Frank Pignanelli & LaVarr Webb: How will the government shutdown affect Utah politics?
Mike Terry, Deseret News
Whew! Congress finally ended the food fight — for a short while. Bad leadership and bad followership just about created an economic and public policy disaster. We review the Utah political ramifications.
Sen. Mike Lee, R-Utah, is proclaimed either as a new star in the Republican Party or a tea party villain who jeopardized the country. What’s the bottom line — has he helped himself or hurt himself in Utah?
Pignanelli: “Next time you accuse a teenage girl of overreacting, just remember that a whole bunch of older men shut down the government because they were not getting their way.” — Unknown blogger
Monday at 12:05 p.m. was important moment for me. I encountered a Utah conservative Republican who was not irritated with Mike Lee. Yes, Utah’s junior center generated tremendous hostility, but despite conventional discourse that does not translate into a career death spiral. His re-election is in 2016 — the political equivalent of an epoch away — and much can happen in the meantime. More importantly, Lee is unlikely to be a part of any government shutdown in the months leading to the election, and what happened in 2013 and 2014 will be a distant memory. Lee is golden with the delegates — who will be more conservative after the 2014 precinct caucuses — and protect him against any challenges. If the delegate system is junked in a 2014 initiative (a huge “if”), Lee may encounter a primary opponent. Thus, national tea party organizations will throw resources to defend the convention process. Also, voters moan about controversial politicians who inconvenience them. But they also respect officials that fight for their principles — and Lee fits into this category without question.
Webb: Lee may be a national tea party darling, but he’s in serious danger of losing the support of Utah business and community leaders, local government leaders and a majority of Utah citizens. In his e-mail fundraising messages, Lee says the Washington establishment and liberal elitists are out to get him. In reality, it is normal Utahns who are quickly tiring of his lousy strategy that is hurting the cause of conservatism. I will be very surprised if a mainstream Utah Republican (perhaps more than one) doesn’t challenge him for the GOP nomination in 2016.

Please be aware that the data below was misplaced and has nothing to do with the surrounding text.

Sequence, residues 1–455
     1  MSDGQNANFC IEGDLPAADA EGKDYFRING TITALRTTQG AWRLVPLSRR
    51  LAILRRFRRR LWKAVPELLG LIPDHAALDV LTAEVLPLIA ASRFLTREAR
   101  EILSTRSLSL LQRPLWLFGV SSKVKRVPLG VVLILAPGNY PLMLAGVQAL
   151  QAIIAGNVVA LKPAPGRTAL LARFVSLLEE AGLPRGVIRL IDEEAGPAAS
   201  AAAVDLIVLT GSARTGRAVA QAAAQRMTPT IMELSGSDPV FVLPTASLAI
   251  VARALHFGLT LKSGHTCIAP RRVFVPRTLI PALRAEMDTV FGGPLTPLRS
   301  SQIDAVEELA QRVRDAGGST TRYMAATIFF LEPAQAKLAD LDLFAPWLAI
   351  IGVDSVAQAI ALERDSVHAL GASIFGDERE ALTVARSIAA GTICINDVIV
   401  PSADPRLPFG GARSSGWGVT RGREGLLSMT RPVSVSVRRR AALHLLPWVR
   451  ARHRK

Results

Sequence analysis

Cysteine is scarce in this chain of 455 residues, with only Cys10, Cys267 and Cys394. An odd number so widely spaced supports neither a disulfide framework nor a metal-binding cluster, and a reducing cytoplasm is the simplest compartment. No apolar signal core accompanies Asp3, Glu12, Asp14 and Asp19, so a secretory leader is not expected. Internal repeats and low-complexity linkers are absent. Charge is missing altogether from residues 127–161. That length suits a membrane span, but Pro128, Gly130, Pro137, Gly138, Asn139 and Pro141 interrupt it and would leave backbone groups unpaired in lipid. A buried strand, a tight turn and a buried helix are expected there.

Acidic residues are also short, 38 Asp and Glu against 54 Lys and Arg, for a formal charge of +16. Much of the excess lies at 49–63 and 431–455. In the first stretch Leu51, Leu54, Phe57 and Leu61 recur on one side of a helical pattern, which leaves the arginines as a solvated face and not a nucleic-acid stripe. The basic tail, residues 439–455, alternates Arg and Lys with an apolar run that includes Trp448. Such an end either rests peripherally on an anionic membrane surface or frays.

Rep. Jim Matheson is enduring severe criticism in Democratic circles for his support of Republican legislation to defund Obamacare. Has he helped himself or hurt himself in Utah?
Pignanelli: Ultraconservative and ultraliberal activists have a large common denominator: irrational actions just to make a point. Liberals expressing outrage against Matheson for his recent votes are disingenuous. From the moment he filed for office in 2000, Matheson established the standard that he was not beholden to any party ideology, and his career votes reflect Utahns’ disdain for massive federal programs. Matheson’s base is secure, but vocal leftist groups are recruiting individuals to file against him — just to make a point.
Webb: Matheson is adept at walking the political tightrope and winning re-election in a very conservative district. He should end the charade, switch parties and become a moderate Republican.
Meanwhile, I was disappointed that GOP Congressmen Rob Bishop, Chris Stewart and Jason Chaffetz voted against the compromise agreement that reopened the government and raised the debt ceiling. They voted to continue dysfunction and gridlock, keep federal employees from working and prevent America from paying its bills. I assume they are scared of an election challenge from the right wing. Had their votes been needed, I believe they would have done the right thing and supported the deal. But it shows how the far right terrifies our politicians.
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